GAA: Youth success doesn't guarantee senior success, sustainability does

GAA: Youth success doesn't guarantee senior success, sustainability does

ON THE evening Sligo defeated Roscommon in Markievicz Park last June, Jim McGuinness was part of the Sky Sports panel analysing the game.

Roscommon were hot favourites but the manner in which they were turned over by Sligo added to McGuinness’ biggest personal disappointment of the championship up to that point.

The three teams he had been looking forward to following most over the summer were Roscommon, Cavan and Tipperary, primarily because, along with Dublin, they had been three of football’s most dominant underage teams over the previous five years. In McGuinness’ opinion, the performances of all three had been “a letdown”.

The qualifiers offered no respite to the expectancy around those teams; Tipp were annihilated by Tyrone; after defeating Cavan, Roscommon blew a big lead late on against Fermanagh.

Underage success has never guaranteed anything but if those counties which have enjoyed sustained underage provincial superiority couldn’t climb higher up the ladder, it inflates the perception of a widening gap between the top three – Dublin, Kerry and Mayo – and everyone else.

After winning an All-Ireland U-21 title last year, and running Kerry close in an All-Ireland senior semi-final, Tyrone are entitled to feel they can keep company with the top boys now.

They underlined as much with an impressive league campaign in Division 2. Donegal will still be ultra-competitive this season but it’s difficult to see this side winning another All-Ireland given the mileage some of their older players have clocked.

Looking for the next team to challenge, or break into, that category of the top five is never easy to gauge because underage success hasn’t been an accurate gauge in the modern era.

Cork and Galway are prime examples. As Monaghan have proved – with two Ulster titles in three years – to go anywhere now requires a sustained stint in Division 1 of the league.

Teams like Meath and Galway – who dominated the game between 1996-2001 – are nowhere near as strong as they were back then but their absence from Division 1 for so long has contributed to their struggles to bridge the gap to the top teams.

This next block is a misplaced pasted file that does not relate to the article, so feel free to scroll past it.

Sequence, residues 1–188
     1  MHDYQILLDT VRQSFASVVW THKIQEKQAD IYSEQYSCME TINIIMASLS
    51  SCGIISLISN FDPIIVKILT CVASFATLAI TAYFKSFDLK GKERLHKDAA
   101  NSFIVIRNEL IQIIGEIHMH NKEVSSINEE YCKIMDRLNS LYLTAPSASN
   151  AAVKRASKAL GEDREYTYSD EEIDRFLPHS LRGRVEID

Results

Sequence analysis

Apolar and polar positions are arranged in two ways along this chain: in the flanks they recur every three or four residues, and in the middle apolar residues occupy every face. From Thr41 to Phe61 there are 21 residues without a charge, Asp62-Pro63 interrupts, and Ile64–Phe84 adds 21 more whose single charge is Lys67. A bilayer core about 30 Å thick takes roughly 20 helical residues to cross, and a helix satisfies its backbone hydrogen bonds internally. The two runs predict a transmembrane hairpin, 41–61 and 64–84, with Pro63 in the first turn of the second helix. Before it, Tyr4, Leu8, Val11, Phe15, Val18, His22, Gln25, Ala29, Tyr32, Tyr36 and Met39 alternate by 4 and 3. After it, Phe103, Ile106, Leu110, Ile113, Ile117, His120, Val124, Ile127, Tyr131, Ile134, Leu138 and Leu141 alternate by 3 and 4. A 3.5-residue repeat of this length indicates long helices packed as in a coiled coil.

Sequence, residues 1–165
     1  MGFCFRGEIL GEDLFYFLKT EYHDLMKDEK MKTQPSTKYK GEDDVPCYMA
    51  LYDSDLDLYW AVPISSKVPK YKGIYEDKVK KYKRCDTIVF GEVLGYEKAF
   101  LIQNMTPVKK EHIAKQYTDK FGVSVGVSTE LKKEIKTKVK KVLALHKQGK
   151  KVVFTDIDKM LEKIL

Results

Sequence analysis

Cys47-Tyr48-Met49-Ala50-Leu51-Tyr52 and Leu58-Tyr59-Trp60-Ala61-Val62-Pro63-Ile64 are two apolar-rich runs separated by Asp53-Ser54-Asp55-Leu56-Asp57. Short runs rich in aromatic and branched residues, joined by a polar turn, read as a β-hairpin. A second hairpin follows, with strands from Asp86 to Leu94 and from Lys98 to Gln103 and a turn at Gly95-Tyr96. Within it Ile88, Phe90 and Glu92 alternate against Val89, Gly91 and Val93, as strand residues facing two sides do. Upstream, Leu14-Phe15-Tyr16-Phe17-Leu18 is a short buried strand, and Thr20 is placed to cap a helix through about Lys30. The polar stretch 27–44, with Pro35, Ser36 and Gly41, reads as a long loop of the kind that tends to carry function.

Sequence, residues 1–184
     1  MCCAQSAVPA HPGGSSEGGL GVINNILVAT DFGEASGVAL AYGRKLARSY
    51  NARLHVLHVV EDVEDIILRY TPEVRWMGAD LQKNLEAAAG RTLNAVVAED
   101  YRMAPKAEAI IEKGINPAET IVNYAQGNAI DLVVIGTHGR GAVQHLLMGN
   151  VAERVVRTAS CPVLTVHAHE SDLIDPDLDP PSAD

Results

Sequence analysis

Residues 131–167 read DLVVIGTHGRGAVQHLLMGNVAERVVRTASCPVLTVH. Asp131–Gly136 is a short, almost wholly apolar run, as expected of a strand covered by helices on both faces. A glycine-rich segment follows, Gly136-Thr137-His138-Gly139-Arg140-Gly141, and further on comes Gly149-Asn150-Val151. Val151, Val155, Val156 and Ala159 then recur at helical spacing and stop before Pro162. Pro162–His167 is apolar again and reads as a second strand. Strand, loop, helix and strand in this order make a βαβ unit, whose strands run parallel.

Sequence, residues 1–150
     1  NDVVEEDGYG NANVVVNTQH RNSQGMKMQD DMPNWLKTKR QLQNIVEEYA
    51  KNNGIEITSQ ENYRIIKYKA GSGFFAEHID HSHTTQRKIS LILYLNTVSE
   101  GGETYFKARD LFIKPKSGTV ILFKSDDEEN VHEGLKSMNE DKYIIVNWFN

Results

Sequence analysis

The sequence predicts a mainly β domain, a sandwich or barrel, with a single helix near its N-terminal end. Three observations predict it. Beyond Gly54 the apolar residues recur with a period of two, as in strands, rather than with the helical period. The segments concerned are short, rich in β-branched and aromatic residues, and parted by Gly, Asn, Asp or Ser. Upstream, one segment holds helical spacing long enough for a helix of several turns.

Division 1 is better, and far more competitive, than three of the four provincial championships. There will always be elite players and teams in every sport but the current format has negated against the developmental potential that the old system of Division 1A and 1B routinely fostered.

Dublin celebrate with the Sam Maguire [Picture: Inpho] All Ireland champions Dublin take on Donegal in the Division 1 semi-final on Sunday  [Picture: Inpho]
Back then, there were 16 teams in the mix for a Division 1 title, and the possibility of a host more outcomes. Football was far more democratic back but the prospects of many of those counties outside the top tier was enhanced to the league big-time through Division 1B.

The qualifiers hold no real appeal for most teams anymore. The old novelty, where a team could get a decent draw and embark on a run, are gone. Thirteen of the 16 teams from Divisions 3 and 4 last season were eliminated before Round 3 of the qualifiers.

One of the reasons the qualifiers have become so redundant is because, with the exception of Tyrone, the big guns don’t need them anymore. Cork and Kerry’s seeding in Munster effectively prevents them running into a car-crash away from home in June.

Mayo and Dublin haven’t needed the qualifiers to regroup or recharge like Kerry in 2009, or Cork in 2010. The last real marquee qualifier match was Kerry-Tyrone in Killarney in 2012.

The modern culture of sports science and defensive systems which made teams harder to beat hasn’t tightened standards and closed the gap. The stronger counties just made the most of those means as well to make themselves better.

Mayo and Donegal increased their capacity to compete at the highest level more through resourcefulness than resources. Mayo were financially broke when James Horan took over.

When McGuinness was installed in Donegal, he began cold calling businesses for funding and assistance. Mayo and Donegal introduced a high performance culture, thought differently, worked harder, and stayed in Division 1, all of which enabled them to compound their provincial superiority.

Cavan are finally back in the top tier now but staying there for a sustained period will be crucial to their development over the next few seasons. It’s just as crucial for Roscommon, who meet Kerry in Sunday’s league semi-final.

Roscommon have delivered some outstanding performances this spring. They began training in early October to get a head-start on everyone else but as the season has progressed, other teams have clearly caught up with them. Can they also remain fresh for the rest of the season?

Roscommon have proved they can compete with the elite but can they break into that top group? Especially when the championship structure won’t make it any easier for them to maintain momentum and to continue measuring progress.

Unless they win on Sunday, Roscommon won’t meet a Division One or Two team again – if they keep winning – until late July. That may leave them vulnerable in a Connacht final.

On the other hand, that route looks instantly more appealing than the one Cavan have to take to get to the same stage; if they win their opening championship match against Armagh, they will have to beat Tyrone or Derry to reach the final, where Donegal or Monaghan will more than likely be waiting.

Similarly, Tipperary, who were nearly promoted from Division 3, will have to beat Waterford, Cork and Kerry to win Munster.

Ultimately, every team helps itself. The system doesn’t restrict ambition and desire but its overall inequality still makes it harder for anyone outside the top level to break into that group.